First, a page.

I did not mention it before in my last post since I was still waiting to see what the outcome would be, but the reason I came to Karingani Game Reserve was for an interview. The initial plan was to fly to Karingani on a Monday and hangout until Thursday to get a feel for the place. Well I definitely am getting a feel for the place now. The flight plan did not work out with the looming threat of COVID-19, the CEO who was supposed to fly with me decided it is a better option to stay in South Africa than travel to international airports. My next option was then to make the 12-hour drive on that Monday instead and then stay for 10 days. However, South Africa decided Sunday night to shut down the borders except for one major border per neighbouring country. This means my drive was going to be extended a bit and I would have to go out of my way to Kamatipoort instead of a nice leisurely drive through Kruger like I had initially planned. I took an extra day to solidify my plans and decided to drive straight through instead of overnighting and making a two-day journey out of it. On Tuesday 17 March, I headed to Mozambique for ten days.

A few days after my arrival, South Africa completely shut down the borders and the entire country went into a forced lockdown. This meant that I was stranded in Mozambique for 21 days. Luckily, my interview went well, and I was able to jump straight into work. My new role is the digital media person at Karingani Game Reserve with a side of ecology work.

Two and a half months later and the borders are still shut down with rumours they might not open for international travel until October or maybe even not until next January! I am grateful I did not get stuck inside my little house in Joburg for the lockdown and instead have the option to be outside and move around the reserve. Unluckily though, it means that I am apart from my dog (who I miss terribly) for who-knows-how-long and all my stuff is sitting in a house I pay rent for yet cannot get to. I am so grateful to Kathryn and her family who have been taking care of Ryno for me through this whole thing, they have truly made him apart of their family and give him so much love. I could not have asked for a better place for him while we are apart.

This whole COVID thing is a story though, hey. I still feel really disconnected from the whole thing and somehow a part of me feels that when I can go home things will somehow be normal.

A few days after my arrival, South Africa completely shut down the borders and the entire country went into a forced lockdown. This meant that I was stranded in Mozambique for 21 days. Luckily, my interview went well, and I was able to jump straight into work.

Two and a half months later and the borders are still shut down with rumours they might not open for international travel until October or maybe even not until next January! I am grateful I did not get stuck inside my little house in Joburg for the lockdown and instead have the option to be outside and move around the reserve. Unluckily though, it means that I am apart from my dog (who I miss terribly) for who-knows-how-long and all my stuff is sitting in a house I pay rent for yet cannot get to. I am so grateful to Kathryn and her family who have been taking care of Ryno for me through this whole thing, they have truly made him apart of their family and give him so much love. I could not have asked for a better place for him while we are apart.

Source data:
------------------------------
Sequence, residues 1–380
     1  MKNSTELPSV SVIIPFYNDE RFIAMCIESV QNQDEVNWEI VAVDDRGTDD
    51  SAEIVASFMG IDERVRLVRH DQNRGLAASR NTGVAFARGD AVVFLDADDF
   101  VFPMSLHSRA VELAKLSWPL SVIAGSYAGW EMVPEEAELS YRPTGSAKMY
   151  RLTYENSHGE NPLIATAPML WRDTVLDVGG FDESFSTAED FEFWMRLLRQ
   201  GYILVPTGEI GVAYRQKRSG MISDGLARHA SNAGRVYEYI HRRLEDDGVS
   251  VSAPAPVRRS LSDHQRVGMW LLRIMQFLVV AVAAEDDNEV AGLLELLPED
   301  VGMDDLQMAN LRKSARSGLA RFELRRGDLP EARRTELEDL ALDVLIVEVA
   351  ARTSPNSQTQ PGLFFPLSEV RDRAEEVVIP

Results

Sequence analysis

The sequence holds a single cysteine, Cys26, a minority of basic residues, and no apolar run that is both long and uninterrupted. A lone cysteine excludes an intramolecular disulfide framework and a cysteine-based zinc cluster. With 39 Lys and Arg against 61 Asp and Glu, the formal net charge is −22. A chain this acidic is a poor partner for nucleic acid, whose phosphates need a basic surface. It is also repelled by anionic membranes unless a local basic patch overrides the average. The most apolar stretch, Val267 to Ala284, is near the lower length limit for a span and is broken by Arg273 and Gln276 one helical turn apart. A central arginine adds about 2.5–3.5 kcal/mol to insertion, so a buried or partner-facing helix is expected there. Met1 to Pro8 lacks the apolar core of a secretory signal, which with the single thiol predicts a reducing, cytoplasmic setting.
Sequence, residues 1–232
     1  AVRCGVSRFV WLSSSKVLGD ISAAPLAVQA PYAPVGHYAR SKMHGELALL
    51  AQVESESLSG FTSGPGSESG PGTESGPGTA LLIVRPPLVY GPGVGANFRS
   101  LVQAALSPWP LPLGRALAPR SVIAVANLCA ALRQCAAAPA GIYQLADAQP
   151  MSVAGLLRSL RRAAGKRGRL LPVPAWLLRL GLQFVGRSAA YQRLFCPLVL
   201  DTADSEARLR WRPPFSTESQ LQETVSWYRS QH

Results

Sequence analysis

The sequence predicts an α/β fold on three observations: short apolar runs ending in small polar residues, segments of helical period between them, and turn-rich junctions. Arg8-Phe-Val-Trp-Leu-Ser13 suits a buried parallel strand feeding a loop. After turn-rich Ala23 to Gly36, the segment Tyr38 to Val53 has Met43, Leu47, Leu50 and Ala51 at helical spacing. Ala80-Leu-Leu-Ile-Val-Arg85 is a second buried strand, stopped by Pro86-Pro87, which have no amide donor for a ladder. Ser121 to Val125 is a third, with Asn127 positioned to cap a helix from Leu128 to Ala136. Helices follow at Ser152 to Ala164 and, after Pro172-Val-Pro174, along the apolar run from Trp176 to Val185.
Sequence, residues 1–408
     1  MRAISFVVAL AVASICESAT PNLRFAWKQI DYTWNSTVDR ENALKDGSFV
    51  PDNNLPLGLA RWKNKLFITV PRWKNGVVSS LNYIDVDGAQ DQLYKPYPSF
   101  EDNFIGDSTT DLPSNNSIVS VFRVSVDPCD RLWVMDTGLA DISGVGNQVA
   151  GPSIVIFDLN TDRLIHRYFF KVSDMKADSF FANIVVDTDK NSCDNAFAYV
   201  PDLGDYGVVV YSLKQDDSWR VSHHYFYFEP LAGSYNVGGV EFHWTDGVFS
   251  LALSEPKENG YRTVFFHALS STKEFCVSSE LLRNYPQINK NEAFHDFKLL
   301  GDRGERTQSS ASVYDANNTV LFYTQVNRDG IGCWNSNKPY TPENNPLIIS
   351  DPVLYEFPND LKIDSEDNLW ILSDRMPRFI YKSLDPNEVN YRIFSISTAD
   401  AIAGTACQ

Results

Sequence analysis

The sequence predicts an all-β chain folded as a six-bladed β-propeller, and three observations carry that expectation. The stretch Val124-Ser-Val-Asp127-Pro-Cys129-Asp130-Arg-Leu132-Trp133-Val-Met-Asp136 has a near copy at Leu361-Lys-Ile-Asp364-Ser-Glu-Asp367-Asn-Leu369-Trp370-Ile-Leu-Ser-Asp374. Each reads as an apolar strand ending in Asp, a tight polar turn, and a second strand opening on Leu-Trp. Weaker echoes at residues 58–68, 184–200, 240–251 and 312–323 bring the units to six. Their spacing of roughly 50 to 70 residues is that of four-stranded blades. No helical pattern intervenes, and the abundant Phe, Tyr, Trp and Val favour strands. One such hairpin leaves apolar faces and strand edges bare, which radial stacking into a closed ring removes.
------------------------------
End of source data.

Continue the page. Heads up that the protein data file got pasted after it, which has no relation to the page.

I have not left the reserve once since I have been here. For most of the time we have been under a very strict lockdown, which was recently lifted. We have had a runner on the outside who would take supply orders to Maputo and do grocery shopping and pick up any other essential items we need. However, I quickly found out that food in Mozambique is MUCH more expensive than in South Africa. Apparently, most of the expats here usually cross the border and drive to Nelspruit or Hoedspruit for groceries in South Africa as it is the same distance as driving to Maputo (about six hours) and the groceries cost much less. This is definitely the most middle of nowhere that I have lived with having a six hour drive just to go to the grocery store! I have discovered pao though which is a traditional Mozambican bread cooked over an open fire. Sometimes our logistics manager, Cossa, will organise some fresh pao for me from the closest village (about a two hour drive away) which is always such a treat! But you have to eat pao the day it is baked or else it becomes the equivalent of a cannon ball.

This whole COVID thing is a story though, hey. I still feel really disconnected from the whole thing and somehow a part of me feels that when I can go home things will somehow be normal.

2 Comments on “A new role in a new world.

  1. Hi Jo,
    The most important thing is that you are still safe from Covid-19 and Ryno is in good hands.
    I hope your new job will work out for you and that it is something you want to do
    Here in W.Pa we are still in a modified lockdown and it should be lifted this Fridayhttps://www.spine-health.com/video/lumbar-radiofrequency-neurotomy-video..Hopoefully,folkhttps://www.spine-health.com/video/lumbar-radiofrequency-neurotomy-videowill continue to be cautious so we don’t have a flair up. This virus is a lond way from being defearted.
    Stay well and be safe.
    Frank

    • This whole COVID-19 thing is very hectic. I am glad to be removed from it all here in the middle of no where

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